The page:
It’s over. It’s just beginning. There is warmth and there is renewal. There is deluge and there will inevitably be dryness and drought. There is life after this for she and I. There is more than a mother crying everyday for a year for the baby she lost. More than a mother who is irritable and short and gone. More than this mother who watched her love drive away, again, 11 years after the first time, in a truck full of his stuff, who then stood outside in the pouring rain looking for a sign. There is more than this. There is joy again. There is reconnection. There is knowing and comfort and laughter. There is growing and pain and confusion. There are two homes to negotiate, documents to sign, decisions to be made. There are questions without answers and questions I don’t even remember that I even asked because the answers have become truth.
What will we do without him? How will it be to spend the rest of our lives together and yet apart? What will she want from us? When will her desire to have us all together wane? When will mine? What has happened to the life we planned, for ourselves and for our daughter? The life we ushered her into and now through that had a plan and a path and a way that she wasn’t even aware of? Will this be her truth now? This will be her truth now. There are three sides to every story, to our story: his, mine and hers. It happens everyday. It happens to most families, to most marriages. But just like everything else, it’s different when it’s mine. When it wasn’t what I expected, when it wasn’t what I wanted for her or for me ,for that matter. When I’ll spend endless moments, both day and night, trying to figure it out, trying to make different decisions in the past, scolding myself for bringing her and I to this moment, these circumstances, this sorrow. This amazing bewilderment, streaking itself across her face, betraying her every emotion and thought in that moment. May I always know, may I always see it, may I always have a better explanation than I gave.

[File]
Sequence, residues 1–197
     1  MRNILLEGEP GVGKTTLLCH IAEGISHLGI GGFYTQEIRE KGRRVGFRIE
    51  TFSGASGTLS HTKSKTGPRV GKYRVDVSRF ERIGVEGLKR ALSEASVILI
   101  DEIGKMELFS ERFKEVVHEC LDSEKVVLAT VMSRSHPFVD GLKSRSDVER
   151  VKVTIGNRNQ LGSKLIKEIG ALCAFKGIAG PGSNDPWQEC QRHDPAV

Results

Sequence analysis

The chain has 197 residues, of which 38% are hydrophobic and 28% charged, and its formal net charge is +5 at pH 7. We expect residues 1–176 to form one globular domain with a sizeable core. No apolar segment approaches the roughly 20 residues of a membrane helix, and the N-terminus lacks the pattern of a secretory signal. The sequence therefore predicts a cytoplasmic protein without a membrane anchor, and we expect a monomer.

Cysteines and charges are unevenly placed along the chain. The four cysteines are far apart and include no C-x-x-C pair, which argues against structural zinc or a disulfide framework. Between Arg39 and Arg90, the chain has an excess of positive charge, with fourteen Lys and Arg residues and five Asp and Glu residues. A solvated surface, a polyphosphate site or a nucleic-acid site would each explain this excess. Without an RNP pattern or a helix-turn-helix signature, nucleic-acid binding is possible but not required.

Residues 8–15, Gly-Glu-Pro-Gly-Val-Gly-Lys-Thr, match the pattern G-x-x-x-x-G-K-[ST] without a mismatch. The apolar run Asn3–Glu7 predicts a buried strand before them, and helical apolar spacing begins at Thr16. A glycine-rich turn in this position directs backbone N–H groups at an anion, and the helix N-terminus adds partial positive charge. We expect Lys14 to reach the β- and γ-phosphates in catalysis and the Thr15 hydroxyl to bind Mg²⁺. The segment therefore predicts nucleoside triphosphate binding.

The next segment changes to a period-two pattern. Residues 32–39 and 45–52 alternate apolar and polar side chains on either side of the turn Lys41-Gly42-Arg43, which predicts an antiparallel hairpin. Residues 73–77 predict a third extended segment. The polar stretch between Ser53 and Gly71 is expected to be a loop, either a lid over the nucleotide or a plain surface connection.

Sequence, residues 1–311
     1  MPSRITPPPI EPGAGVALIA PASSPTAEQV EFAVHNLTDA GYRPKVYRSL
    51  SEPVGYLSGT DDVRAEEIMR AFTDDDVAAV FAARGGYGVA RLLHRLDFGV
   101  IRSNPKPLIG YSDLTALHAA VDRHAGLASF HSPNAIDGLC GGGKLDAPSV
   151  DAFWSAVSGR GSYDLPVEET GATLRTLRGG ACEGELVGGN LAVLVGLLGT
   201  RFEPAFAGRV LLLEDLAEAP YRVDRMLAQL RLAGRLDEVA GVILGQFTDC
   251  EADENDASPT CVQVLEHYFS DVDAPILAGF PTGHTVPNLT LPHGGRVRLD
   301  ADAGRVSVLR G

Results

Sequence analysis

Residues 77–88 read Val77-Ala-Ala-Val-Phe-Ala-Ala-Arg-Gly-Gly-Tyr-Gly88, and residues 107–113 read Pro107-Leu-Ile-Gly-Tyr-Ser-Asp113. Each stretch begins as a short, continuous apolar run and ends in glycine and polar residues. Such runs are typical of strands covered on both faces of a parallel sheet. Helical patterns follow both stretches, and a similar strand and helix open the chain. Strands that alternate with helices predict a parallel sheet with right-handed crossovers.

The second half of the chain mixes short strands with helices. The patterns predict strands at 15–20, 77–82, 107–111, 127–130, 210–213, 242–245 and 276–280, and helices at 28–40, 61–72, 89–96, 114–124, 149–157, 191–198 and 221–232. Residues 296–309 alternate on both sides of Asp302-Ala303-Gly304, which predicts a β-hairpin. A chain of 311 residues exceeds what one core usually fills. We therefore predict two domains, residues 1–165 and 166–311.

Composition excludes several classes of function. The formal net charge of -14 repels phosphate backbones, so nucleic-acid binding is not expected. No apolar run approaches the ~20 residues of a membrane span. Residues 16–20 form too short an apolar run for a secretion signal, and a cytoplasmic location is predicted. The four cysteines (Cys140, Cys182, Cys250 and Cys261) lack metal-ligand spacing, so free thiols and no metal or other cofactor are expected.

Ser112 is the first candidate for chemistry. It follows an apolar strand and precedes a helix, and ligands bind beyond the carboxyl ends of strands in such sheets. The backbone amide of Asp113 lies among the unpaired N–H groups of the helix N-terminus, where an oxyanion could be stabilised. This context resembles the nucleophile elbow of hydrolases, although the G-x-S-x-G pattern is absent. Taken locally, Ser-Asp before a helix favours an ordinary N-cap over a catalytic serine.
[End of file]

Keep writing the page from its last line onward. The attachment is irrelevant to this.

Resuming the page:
They say, make plans and God laughs. God’s sides must hurt by now. This white girl from the United States gives up. Lives in the gray. Lives now in the pieces left after the shatter rather than spaces of brokenness between them. She gathers herself up. Lives in the unknown, the unplanned, the unenvisioned. I hear the people around me talk of their plans, their confidence in their path. and now I laugh and my sides hurt. That will do, until it doesn’t. And then what? And then what will you do? Will you lay more plans? Will I? Will you stand outside with me in the pouring rain and wait for a sign?
I heard a TED talk tonight by a child of holocaust survivors growing up in a community of holocaust survivors and she said there were two kinds of people in her childhood world: those who didn’t die and those who were alive. And, for a second, I saw everyone divided into those two catergories. And I wondered, in which am I? Will I always chose to be alive or will I simply not have died and live close to the Earth, clutching onto the things I hold most dear. And I thought about my husband, out there in the world somewhere tonight, trying to find ways to feel alive, to feel conencted, to feel powerful and here. And I hope he does, in ways he’s never dreamed for himslef. And I hope I do, in all the ways I have.